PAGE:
Ask the Expert Tutor: IB English Literature (Mrs. Dalloway)
Clients often come to BartyED looking for IB English tutors to help with the SL/ HL Literature and Lit/Lang courses. In this edition of "Ask the Expert Tutor," we examine Virginia Woolf’s Mrs. Dalloway which is often studied by IB students in Hong Kong and consider which elements of the text can be used in an exam-style response. Woolf’s work is a challenging subject for literary analysis: so if you can pull off an effective, comparative essay on her work in your final exam the examiner will reward you accordingly.
IB Paper 2 Examination questions are always deliberately broad because candidates all over the world study different texts. The key to revising effectively is to revise the works themes but most importantly how these connect to the author’s purpose. Consequently, in your essay’s introduction you must communicate an account of what you believe is Woolf’s intention in the work.
This purpose is open to interpretation so don’t worry about being wrong: what the examiner wants to see is well-reasoned and evidenced argument. Consider the following:
This paper suggests that Woolf’s intention is to satirize the conventions and customs of upper-middle class Britain post-war demonstrating its inabilitity to evolve to changing times. We rarely see this criticism outright. Rather through Woolf’s observational narrative style which allows her to navigate amongst multiple perspectives, she shows us such critique through interior monologue. Clarissa has some awareness of what she has had to give up to maintain her social status. She recognizes that being married to a politician means she herself is “invisible; unseen; unknown.” Her sole role in life now is “being Mrs. Richard Dalloway.” Yet, she is unable to understand fully the implication of this disempowerment. We also see this critique through Peter Walsh. A minor but important character, after returning to Britain from abroad, reflects that “things stand out as if one had never seen them before.” Walsh represents the literary trope of the stranger-in-his-own-land, yet through his narrative we see the extent to which British society is indeed changing. To Walsh it is obvious that “people looked different. Newspapers seemed different.” Yet through Dalloway, Woolf shows the reader a ruling class which seems determined to continue on as ever before.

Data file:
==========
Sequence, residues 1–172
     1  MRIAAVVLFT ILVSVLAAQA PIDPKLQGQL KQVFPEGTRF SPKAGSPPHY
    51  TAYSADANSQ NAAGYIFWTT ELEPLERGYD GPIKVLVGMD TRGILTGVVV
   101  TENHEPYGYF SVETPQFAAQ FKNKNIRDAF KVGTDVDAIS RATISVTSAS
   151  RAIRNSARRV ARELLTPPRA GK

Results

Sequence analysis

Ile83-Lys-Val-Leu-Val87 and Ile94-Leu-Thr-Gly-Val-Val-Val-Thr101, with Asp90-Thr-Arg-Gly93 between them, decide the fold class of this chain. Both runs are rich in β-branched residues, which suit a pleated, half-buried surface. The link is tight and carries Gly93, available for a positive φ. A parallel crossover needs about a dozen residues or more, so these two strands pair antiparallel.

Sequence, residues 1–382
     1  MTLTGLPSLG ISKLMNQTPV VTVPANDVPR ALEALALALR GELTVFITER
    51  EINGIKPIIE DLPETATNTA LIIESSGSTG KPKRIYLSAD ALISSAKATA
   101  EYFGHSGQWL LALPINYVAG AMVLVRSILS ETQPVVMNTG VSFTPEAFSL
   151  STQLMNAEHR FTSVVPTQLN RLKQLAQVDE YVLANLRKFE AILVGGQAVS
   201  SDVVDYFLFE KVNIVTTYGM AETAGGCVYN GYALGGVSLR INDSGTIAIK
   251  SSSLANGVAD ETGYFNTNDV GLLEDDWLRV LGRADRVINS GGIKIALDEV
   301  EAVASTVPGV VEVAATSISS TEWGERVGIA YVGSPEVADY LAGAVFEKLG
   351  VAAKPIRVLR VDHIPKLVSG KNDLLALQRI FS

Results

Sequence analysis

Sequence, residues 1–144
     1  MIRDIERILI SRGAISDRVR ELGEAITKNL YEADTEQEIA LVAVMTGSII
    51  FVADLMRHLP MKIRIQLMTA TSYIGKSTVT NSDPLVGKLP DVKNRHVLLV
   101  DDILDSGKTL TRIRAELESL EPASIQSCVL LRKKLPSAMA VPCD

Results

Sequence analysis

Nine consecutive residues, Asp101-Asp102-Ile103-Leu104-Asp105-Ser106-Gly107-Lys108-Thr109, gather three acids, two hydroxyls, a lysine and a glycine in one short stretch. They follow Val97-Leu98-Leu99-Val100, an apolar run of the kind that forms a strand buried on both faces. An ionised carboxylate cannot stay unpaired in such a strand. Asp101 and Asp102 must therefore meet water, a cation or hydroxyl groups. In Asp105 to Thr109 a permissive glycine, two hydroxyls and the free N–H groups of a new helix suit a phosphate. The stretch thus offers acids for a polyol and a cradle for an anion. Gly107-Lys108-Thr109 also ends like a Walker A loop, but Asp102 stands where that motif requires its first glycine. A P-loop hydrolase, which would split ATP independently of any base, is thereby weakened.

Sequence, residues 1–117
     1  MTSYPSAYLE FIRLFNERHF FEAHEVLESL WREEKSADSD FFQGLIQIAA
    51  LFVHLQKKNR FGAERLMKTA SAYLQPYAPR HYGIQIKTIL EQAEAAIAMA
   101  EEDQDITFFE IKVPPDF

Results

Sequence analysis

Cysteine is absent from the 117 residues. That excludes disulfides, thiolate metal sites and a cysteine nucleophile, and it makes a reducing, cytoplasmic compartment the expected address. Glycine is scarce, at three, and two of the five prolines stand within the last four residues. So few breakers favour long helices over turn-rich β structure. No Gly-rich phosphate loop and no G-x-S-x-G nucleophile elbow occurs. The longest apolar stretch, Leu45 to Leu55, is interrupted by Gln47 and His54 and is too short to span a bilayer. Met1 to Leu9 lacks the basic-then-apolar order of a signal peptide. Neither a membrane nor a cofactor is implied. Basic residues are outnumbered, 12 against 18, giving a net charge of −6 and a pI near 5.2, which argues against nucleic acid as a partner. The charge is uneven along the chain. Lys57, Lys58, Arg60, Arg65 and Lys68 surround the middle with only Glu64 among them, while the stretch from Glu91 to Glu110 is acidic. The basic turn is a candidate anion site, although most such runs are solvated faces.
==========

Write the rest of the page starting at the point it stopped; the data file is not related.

This is by no means the only way in which you might analyse Woolf’s use of interior monologue -- and there are many other quotations that you could present in evidence. The strength of what we have above is that it helps you establish clearly at the start of an essay the author’s purpose and see the writer’s craft through that lens. This is what allows the examiner to award higher marks in the bands for Criterion A through E.
That's it for today's "Ask the Expert Tutor." If you have any questions about what you've read, do ask it via one of the channels below - we will be happy to help.